10 Years of Blog Archive

Tuesday, May 22, 2012

The Rule of 3 and 4: How We Avoid Gringo Gouging in Cuenca Ecuador

How we have kept ourselves in line and stayed out of trouble with costs when in a new country, such as Ecuador.  We actually came up with it before even getting here.  This is a rule of thumb that we have coined and it has helped a lot. You can use this rule anywhere in the world that you happen to live; then you'll know what the real prices happen to be and if you getting gringoed as the saying goes. 

The figures need to be adjusted for inflation.  In 2018 the median GDP household income in the u.s. is $57,000 or about $4750 per month.  In Ecuador it has gone up to $1100 per month, or a bit less than one fifth of the u.s. household number.

It has its roots in the idea that an average Ecuadorian household might have a total income of say $800, Consisting of one low wage worker at $300 and one skilled worker at $500 a month. 

What we do is multiply that by 3 or 4.  Because this is a rule of thumb, it is only one yardstick and one way of seeing whether we’re on track.  It is not a hard and fast rule. 

Anyway, the multiplication gives us a total of $2,400 to $3,200, which is roughly the average income in the North American zone, or something close to that.  That’s our guideline principle.

Now, when we’re shopping let’s say for a house, and we hear that the Ecuadorian market is active in the under $40k area, that makes sense to us, because $40k x 3 or 4 is $120k to $160k.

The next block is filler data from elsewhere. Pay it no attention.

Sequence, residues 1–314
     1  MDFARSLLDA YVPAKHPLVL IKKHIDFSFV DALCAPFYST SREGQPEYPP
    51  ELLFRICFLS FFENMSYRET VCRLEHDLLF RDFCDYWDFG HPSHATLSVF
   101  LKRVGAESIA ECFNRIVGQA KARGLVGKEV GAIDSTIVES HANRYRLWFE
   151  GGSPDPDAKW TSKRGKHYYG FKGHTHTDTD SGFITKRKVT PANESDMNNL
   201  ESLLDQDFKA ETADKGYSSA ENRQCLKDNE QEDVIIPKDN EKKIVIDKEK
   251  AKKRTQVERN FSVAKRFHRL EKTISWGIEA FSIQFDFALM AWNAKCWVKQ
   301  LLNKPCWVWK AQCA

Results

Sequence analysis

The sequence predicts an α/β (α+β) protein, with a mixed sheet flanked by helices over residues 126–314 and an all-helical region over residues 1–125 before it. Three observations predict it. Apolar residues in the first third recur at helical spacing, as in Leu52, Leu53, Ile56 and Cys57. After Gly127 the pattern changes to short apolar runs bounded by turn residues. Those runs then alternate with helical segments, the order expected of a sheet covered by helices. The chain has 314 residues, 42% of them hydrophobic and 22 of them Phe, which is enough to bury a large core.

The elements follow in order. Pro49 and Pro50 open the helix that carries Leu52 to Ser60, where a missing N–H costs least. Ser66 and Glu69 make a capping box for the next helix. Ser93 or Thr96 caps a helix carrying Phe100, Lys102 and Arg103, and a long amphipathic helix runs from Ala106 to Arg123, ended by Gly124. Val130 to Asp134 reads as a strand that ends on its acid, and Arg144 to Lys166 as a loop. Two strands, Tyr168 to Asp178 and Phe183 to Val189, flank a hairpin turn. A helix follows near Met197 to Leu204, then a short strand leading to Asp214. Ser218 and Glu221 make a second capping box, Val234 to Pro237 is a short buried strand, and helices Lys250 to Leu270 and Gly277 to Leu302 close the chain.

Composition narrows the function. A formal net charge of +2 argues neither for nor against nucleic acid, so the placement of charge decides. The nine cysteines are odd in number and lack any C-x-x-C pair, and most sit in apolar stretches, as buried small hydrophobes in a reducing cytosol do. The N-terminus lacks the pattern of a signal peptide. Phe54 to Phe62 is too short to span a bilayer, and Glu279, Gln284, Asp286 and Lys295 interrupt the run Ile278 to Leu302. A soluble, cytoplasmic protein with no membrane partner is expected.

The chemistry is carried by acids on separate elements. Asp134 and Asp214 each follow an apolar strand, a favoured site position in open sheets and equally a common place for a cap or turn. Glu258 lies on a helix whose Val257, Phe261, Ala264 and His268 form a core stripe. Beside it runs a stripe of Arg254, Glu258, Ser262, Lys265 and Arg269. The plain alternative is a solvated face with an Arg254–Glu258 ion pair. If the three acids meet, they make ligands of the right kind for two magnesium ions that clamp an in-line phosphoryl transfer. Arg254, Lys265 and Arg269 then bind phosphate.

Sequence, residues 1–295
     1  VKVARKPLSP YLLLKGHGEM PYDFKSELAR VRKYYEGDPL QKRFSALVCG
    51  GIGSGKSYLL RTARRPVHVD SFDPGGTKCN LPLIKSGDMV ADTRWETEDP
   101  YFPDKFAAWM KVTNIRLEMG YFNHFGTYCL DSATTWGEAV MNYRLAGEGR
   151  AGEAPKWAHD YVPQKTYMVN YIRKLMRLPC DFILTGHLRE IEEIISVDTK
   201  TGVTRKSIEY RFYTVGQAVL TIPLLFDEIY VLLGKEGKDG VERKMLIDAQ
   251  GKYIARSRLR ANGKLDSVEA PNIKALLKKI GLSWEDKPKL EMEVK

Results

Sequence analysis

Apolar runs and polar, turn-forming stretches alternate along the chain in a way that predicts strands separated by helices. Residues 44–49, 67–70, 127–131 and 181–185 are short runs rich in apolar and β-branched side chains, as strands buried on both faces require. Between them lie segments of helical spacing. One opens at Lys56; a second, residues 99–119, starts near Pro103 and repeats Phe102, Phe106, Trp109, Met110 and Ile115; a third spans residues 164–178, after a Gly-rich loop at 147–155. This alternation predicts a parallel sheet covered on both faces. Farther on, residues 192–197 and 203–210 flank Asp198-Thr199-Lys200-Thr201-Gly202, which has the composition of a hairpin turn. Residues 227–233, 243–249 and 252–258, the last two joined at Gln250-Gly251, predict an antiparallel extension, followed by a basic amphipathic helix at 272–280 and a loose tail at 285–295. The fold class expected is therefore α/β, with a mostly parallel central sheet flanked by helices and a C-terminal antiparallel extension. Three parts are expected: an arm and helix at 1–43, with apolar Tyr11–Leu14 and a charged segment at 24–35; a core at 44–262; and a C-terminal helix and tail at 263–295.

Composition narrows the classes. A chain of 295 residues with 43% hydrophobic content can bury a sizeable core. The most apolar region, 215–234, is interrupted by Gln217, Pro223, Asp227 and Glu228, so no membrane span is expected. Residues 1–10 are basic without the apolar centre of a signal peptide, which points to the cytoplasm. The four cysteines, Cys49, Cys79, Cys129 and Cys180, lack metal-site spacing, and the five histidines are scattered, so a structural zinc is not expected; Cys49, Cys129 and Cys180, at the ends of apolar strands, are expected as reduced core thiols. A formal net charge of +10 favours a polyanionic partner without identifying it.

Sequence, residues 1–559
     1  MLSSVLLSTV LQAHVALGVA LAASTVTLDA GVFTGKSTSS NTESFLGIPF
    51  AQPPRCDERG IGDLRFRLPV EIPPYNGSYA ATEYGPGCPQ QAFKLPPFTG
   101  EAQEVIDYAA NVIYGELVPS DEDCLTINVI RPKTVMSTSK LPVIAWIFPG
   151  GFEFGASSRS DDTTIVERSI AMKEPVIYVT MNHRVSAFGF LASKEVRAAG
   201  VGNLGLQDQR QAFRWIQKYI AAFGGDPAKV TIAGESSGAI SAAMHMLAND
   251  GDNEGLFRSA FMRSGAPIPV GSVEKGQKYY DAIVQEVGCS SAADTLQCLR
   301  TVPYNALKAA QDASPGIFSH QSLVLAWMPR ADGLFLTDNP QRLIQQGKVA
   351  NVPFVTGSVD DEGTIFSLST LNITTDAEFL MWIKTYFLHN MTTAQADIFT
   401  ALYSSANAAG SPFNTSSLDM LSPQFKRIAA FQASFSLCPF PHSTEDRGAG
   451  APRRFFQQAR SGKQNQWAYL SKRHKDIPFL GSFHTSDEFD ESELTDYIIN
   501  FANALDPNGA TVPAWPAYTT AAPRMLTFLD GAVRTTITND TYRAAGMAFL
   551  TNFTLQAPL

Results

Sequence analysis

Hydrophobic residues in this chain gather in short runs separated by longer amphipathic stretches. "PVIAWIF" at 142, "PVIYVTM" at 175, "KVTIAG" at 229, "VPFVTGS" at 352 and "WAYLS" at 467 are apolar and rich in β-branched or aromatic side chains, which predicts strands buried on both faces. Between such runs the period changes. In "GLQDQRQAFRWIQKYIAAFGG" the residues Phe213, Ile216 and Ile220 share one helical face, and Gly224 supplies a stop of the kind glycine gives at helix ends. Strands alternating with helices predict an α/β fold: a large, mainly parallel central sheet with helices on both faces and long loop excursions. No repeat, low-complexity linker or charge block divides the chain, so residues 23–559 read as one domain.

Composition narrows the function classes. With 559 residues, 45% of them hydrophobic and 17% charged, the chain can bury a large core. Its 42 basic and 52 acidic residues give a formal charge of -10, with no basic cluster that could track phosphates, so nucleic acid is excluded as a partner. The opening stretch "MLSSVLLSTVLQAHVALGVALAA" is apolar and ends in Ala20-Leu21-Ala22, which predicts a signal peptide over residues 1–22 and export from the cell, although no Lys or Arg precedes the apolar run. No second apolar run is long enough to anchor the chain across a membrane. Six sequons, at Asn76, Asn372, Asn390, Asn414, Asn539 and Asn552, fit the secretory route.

So the way we see it is, that when an Ecuadorian is buying a $40k house, it’s like us buying the equivalent of a $120k to $160k in the North American zone.

This is how we stay out of trouble.  You see we need to compare but not directly.  We really need this rule.  And we use it all the time.  It’s a very good rule to flush out skews in pricing too.  For example: If I’m looking at a $100k house, the rule says we should think of it as a $300 to $400k house.  So then, when we’re looking at this house, we can ask ourselves, is this house really worth $400k in the North American zone?  This usually opens our eyes to value or lack of it.

So then, going further with this thought, I’m now saying to myself, while looking at this house, is it worth the four hundred?  Do I really want to spend this much on a house?  You see the difference?
The rule also tells me when something is relatively cheap.  Like when I’m buying tomatoes.  According to the rule, tomatoes at .33 cents a pound translate to .99 cents to $1.32 per lb. Now, to me, that’s still quite inexpensive as tomatoes go for anywhere from $2-$4 lb depending on what city you’re shopping at in the North American zone.

Going further, when I'm looking at a $250 rental, that's a $750 to $1,000 rental, more realistic wouldn't you say?  And what about that $900 condo?  Well, you get the picture.  Unless you're from New York or California.